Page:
He questions why products come in cotton candy, bubble gum or cherry chocolate flavours if they're not supposed to be targeting children.
"That is such an important part of why kids are taking up vaping and in large numbers," he said.
NDP health critic David Shepherd wanted Alberta to follow B.C.'s lead and restrict the sale of flavoured vaping products to adults-only shops. B.C. also limits vape product packaging and advertising in public spaces.
Shepherd also wants the Alberta government to emulate B.C. by limiting the amount of nicotine allowed in vape products. The federally permitted limit is 66 milligrams per millilitre. In B.C., the allowed concentration is 20 mg/ml.
Allan Rewak, executive director of the Vaping Industry Trade Association, said he was happy to see the Alberta government take a targeted approach to keep the products away from kids.
Rewak, a former smoker who now vapes, said adults should have access to the products as a harm-reduction strategy to wean themselves from nicotine addictions.
He said he doesn't want kids to start vaping, and he supports keeping products out of locations with pharmacies and away from where children gather.
Given evidence that secondhand vapours appear not to be as damaging as secondhand smoke, there should be outdoor spaces where adults can vape, Rewak said.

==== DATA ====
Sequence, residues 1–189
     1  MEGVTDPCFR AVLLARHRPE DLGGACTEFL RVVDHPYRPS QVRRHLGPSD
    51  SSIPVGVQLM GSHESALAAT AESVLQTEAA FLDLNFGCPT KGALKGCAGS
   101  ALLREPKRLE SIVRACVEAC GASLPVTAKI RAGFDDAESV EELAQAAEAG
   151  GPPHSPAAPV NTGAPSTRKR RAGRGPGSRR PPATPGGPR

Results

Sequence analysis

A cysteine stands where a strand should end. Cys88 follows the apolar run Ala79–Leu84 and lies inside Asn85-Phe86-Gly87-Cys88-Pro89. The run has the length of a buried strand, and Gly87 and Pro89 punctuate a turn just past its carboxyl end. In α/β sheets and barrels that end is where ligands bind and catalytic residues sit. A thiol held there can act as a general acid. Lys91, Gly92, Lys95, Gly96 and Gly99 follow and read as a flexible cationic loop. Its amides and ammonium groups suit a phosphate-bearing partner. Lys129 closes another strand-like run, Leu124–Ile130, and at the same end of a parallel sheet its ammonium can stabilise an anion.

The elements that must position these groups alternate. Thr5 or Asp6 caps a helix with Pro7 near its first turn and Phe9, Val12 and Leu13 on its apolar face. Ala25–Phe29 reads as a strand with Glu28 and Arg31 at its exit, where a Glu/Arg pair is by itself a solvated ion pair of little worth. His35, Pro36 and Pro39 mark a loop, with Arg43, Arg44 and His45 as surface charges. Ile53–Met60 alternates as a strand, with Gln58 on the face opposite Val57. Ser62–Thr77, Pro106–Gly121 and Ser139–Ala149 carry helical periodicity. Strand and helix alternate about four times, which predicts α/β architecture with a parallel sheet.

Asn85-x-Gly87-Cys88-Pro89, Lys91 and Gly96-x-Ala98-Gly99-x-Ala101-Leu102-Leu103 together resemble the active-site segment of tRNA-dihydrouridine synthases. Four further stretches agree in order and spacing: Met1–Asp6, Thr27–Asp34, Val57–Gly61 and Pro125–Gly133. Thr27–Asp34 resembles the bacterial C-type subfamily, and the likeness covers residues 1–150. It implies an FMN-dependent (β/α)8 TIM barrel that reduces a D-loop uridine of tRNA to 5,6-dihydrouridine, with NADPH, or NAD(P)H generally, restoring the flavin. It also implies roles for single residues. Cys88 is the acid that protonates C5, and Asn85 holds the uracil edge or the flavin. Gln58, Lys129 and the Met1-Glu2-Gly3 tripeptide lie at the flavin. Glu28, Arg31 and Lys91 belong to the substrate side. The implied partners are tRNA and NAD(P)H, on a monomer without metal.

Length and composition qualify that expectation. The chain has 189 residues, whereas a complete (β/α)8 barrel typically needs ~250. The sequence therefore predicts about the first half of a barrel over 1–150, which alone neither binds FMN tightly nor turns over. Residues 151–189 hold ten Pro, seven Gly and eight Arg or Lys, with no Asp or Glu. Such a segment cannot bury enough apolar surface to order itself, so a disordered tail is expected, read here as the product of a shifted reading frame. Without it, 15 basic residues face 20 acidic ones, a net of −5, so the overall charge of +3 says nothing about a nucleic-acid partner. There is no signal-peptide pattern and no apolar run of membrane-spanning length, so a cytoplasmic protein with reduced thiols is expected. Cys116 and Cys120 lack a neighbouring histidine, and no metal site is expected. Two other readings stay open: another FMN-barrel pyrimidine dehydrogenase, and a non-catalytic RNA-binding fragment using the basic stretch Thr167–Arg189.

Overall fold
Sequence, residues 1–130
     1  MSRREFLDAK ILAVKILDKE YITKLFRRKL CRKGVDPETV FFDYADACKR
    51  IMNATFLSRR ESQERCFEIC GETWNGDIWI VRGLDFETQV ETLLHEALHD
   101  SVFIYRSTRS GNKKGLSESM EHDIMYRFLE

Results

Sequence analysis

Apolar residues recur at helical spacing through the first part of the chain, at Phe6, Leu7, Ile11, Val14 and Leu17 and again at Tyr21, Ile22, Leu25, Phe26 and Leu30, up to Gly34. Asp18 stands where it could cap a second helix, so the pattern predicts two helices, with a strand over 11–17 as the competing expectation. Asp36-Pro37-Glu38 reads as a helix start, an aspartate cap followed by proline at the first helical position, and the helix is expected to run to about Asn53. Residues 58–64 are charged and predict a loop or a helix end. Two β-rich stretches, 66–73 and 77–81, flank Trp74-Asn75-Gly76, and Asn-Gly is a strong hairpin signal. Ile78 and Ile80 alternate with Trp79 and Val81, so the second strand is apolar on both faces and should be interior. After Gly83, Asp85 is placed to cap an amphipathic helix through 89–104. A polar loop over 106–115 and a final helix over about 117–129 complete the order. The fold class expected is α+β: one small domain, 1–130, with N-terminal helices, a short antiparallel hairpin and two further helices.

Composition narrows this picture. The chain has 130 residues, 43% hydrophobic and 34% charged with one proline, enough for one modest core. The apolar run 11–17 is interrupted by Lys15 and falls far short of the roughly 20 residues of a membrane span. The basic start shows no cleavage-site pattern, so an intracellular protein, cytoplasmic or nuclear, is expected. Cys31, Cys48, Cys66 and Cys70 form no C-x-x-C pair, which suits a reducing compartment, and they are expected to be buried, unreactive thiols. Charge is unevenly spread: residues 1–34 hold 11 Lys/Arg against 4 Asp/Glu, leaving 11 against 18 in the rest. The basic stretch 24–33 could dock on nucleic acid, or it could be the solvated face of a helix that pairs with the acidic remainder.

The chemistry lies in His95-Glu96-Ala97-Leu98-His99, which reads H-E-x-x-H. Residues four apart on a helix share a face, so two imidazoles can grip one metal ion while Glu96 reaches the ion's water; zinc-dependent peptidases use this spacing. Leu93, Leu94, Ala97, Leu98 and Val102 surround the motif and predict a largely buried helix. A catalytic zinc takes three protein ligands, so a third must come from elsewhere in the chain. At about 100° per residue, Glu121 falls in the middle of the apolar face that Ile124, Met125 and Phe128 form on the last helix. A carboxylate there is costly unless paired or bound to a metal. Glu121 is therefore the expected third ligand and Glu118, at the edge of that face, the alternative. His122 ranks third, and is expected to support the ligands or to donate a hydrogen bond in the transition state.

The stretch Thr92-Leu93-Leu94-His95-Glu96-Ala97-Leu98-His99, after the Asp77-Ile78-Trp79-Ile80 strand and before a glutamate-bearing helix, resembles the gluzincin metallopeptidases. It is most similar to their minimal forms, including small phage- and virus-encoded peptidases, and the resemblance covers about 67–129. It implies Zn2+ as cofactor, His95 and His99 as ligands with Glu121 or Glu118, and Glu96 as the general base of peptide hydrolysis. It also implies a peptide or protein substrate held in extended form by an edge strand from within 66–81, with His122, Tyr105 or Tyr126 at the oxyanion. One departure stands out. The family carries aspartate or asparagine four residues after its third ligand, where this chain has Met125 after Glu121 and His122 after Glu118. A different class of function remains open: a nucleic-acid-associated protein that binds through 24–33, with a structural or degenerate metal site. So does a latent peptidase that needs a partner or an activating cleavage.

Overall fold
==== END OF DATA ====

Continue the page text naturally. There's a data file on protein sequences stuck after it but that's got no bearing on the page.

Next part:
"We need to ensure there's enough latitude for folks who are on the path to quitting smoking to really continue that journey," he said.
If passed, the bill would also amend the Tobacco and Smoking Reduction Act to expand public places where both smoking and vaping are disallowed. It would disallow product use on hospital, school and child-care properties, playgrounds, sports fields, skate and bicycle parks, zoos, outdoor theatres, public pools and spray parks.
If tobacco use remains at current rates, it's anticipated to cost the provincial health system an additional $6 billion during the next four years, according to the government.
If the legislature approves the bill, the government intends to make the law effective in fall 2020 after it has had time to write additional regulations.
The proposed changes are based on recommendations from a fall 2019 review of the Tobacco and Smoking Reduction Act. The results of that review were also released Tuesday.
The review, led by Calgary-Klein MLA Jeremy Nixon, surveyed 9,500 people about tobacco and vaping use and held 41 consultations sessions with 250 people.
Input came from police agencies, academics, doctors, anti-smoking groups, hookah pipe establishments, large tobacco companies and 38 vaping shops, according to the report.
Although several vaping product manufacturers are registered lobbyists in Alberta, Shandro said he did not meet with any of those involved with the file.
"We also respect that there must be a balance — a balance between restricting the availability and promotion of vaping products to our youth while making them available to adult Albertans who are trying to quit smoking," Shandro said.
With files from Michelle Bellefontaine